If you’re following a serious training regimen, this is certainly an ingredient that can make a difference.
Betaine anhydrous is a chemical that occurs naturally in the body, and it can also be found in foods such as beets, spinach, cereals, seafood, and wine.
Jacked Factory has included this ingredient in their supplement claiming that it can increase strength and power, enhance endurance, and promote cellular hydration to maximize your workout.
There is research suggesting that betaine can improve certain aspects of exercise performance, including body composition, and strength (namely in trained men). However, these effects don’t seem to translate to untrained men.
Overall, betaine anhydrous doesn’t seem to be very effective in terms of strength and exercise, and there’s no evidence suggesting the contrary.
L-carnitine L-tartrate, according to the NIH (National Institute of Health), increases fatty acid oxidation and reduces purine catabolism and free radical formation, which may prevent exercise fatigue, muscle weakness, chemotherapy-induced peripheral neuropathy, and hyperlipoproteinemia.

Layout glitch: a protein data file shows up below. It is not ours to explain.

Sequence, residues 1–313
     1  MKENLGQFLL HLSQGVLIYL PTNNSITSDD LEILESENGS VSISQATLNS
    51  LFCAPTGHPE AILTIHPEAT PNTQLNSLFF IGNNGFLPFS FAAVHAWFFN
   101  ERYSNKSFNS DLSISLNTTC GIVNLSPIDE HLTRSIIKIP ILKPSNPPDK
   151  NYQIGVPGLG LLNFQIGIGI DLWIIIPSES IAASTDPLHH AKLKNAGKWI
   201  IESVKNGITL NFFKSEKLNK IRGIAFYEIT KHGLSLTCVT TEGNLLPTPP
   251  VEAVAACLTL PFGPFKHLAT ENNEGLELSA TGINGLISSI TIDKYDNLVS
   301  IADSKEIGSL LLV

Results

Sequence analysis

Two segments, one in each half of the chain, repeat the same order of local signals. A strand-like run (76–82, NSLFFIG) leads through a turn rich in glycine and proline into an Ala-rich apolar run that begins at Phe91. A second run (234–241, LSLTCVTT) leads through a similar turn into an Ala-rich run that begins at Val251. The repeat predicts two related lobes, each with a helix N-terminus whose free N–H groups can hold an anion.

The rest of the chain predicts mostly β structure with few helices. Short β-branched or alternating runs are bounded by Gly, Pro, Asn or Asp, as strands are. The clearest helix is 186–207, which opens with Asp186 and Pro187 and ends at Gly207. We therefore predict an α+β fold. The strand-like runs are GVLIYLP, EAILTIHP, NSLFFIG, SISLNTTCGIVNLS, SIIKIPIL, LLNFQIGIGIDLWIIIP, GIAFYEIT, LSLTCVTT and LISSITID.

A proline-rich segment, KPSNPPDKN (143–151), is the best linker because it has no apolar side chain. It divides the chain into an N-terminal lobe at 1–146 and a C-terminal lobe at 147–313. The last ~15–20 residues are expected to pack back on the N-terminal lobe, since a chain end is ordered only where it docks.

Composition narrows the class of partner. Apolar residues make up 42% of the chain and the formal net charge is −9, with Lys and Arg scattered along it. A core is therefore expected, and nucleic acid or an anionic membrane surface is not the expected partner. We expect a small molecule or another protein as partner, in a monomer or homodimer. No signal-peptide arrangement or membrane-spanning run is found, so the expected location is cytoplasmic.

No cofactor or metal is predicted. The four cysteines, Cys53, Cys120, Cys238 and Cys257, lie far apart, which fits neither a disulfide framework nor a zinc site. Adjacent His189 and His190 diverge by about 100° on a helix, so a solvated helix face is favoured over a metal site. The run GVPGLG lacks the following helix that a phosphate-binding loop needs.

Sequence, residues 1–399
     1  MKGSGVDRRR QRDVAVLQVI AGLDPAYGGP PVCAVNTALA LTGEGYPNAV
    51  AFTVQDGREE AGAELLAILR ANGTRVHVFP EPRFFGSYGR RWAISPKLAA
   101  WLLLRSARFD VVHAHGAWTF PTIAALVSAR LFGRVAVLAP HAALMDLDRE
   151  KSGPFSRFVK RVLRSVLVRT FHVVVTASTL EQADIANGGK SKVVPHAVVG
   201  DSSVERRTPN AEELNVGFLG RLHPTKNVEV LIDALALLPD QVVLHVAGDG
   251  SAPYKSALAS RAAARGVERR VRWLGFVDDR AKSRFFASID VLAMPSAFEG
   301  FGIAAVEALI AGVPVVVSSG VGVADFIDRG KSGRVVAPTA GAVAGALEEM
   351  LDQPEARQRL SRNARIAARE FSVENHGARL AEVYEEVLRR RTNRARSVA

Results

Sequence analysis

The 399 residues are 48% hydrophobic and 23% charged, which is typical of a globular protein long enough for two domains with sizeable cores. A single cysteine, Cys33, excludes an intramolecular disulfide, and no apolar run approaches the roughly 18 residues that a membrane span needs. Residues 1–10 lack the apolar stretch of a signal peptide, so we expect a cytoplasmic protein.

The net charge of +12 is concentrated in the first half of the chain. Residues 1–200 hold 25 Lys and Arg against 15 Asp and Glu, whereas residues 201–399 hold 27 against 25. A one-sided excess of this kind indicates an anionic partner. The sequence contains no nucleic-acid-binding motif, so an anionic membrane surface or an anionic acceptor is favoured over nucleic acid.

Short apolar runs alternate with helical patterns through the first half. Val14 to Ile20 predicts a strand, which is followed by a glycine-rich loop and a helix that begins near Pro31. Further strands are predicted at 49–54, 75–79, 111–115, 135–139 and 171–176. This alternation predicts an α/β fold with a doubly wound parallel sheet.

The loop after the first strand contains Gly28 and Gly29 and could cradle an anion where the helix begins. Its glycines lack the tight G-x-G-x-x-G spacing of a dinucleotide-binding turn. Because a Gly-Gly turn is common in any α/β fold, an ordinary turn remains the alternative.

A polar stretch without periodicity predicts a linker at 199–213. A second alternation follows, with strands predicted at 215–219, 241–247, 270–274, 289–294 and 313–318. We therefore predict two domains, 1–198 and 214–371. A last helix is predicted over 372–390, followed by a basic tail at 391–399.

However, I could not find any studies suggesting that this ingredient is effective at preventing muscle weakness or exercise fatigue.
Bioperine typically plays the same role in most supplements— it acts as an absorption enhancer, allowing some vitamins and minerals to become more bioavailable to the body.
Studies show that Bioperine can increase the absorption of different plant compounds, including tea polyphenols, curcumin, beta carotene, and selenium. 4, 5
However, I’m not sure whether that effect might be transversal to other compounds.
How Much Does Growth Surge Cost?
Growth Surge contains 30 servings for $34.99, or $1.16 per serving. That is a bit expensive for a post-workout supplement; especially when compared to other post-workout supplements that cost between $0.65 and $1 per serving.
Is Growth Surge Effective?
Based on the different ingredients present in Growth Surge, there is only one ingredient that seems to be effective and aligned with the claims made by Jacked Factory. That ingredient is creatine.
Creatine is the most studied and effective ingredient in the supplement industry and based on the plethora of studies available, the most significant benefits associated with its consumption are the following:
- Increased strength
- Increased lean muscle mass
- And enhance muscle recovery.